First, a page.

loading...

re: Angular struggles in 2020 VIEW POST

FULL DISCUSSION
 

So Angular hasn't been doing well for a while now. Many devs have stepped away from the framework when it moved to 2.x and its not weird to see that happening. But I still think there are enough companies remaining to keep the framework alive. Something needs to happen at google to reorganize and perhaps take a few major steps (like removing some of the toxic but brilliant minds to get a more stable work environment). I don't believe the people that left are really the issue, there's a few guys leading the project that are difficult to handle and its time to get rid of them. Even if they mean a lot to the project.

Next a couple of things about the issues mentioned. Every project has those and its not that uncommon.

  • Bazel is neat but its not a must have. I feel that there's a lot of "oh this looks cool, lets see if we can get it working" without really realizing that many projects aren't really looking for that. Similar to that the stuff we need to do to set up projects and improve performance go beyond the issue. Sure you can optimize the start with 2ms but your code just got 10 times more difficult to read and understand. In the meantime devices are getting faster, less people use IE11 and whatnot, so all those optimizations are still insignificant for many projects, especially those in the western world (where still the majority of the framework lies)
  • TSLint is not that big of a problem. I recently tried to put ESLint on the project and noticed it wasn't really working out, so its clear it needs more work. If there's really a major issue with it, they could always fork it and fix whatever needs fixing. Is it a shame? Sure. Is it a big issue? Nah.
  • Angular Material is doing its thing and imo thats fine. Its a shame its not really going to be a good example for how you normally would set up a styling kit, but as long as the output is usable I don't really see an issue. Google wants things to be easier to manage, so be it. We still have lots of alternatives too and right now Bootstrap is still a big contender anyways (which will probably do something similar). I think styling overall could use an overhaul in how you develop it and how much baggage you get in each component. It should be easier to inherit parent styling and global styling without duplicating lots of code.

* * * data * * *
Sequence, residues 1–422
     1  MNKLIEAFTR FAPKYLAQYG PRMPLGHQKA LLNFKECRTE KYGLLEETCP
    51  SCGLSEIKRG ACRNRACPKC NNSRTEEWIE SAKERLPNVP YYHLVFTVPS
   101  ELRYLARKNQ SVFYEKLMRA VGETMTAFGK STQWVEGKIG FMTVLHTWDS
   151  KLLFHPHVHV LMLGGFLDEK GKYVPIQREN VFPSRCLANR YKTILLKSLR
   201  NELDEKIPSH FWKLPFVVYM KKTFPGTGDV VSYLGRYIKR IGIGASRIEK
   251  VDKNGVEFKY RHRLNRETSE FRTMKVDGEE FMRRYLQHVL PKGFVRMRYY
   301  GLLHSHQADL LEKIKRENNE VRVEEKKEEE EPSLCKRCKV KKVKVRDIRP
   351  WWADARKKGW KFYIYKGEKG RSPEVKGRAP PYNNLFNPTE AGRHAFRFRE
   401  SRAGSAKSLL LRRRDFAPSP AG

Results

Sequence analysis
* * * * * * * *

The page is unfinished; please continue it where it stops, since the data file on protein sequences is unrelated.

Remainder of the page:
• Ivy remains a difficult topic but its clear why and it just needs time. Meanwhile the project is still usable and migrations are coming along. If you thought this was going to be done in a month or so, you were mistaken. Again, switching something major like that is going to give issues and migration periods. Big whoop.
  • Protractor. While I see there's an issue, its not impossible. Plus I think right now Cypress is getting a lot of traction and moving to that is no big issue (when you got the right setup working, which the Angular team could port), moving to that wouldn't be an issue. I recently moved to it and it was a blessing on how easy it was to debug my E2E tests and still work with the framework. If Cypress keeps developing like it is, I can see them switching in the future. Same with Jest, though Karma/Jasmine is still much faster than that. But I found it to be much easier to work with. With stuff like this its up to the team to decide whether maintaining their own system is worth it. I already find that some of the stuff I use for testing (NG Mocks and NG Spectator) should be part of the framework to improve/simplify/speed up testing.
  • Angular Elements is nice but I never really saw that as a solution. Angular is best when its working as a package deal to do an app rather than components. Still, this is a development that will keep moving on. But I still think that React is a better fit for that, but that doesn't mean it should replace Angular.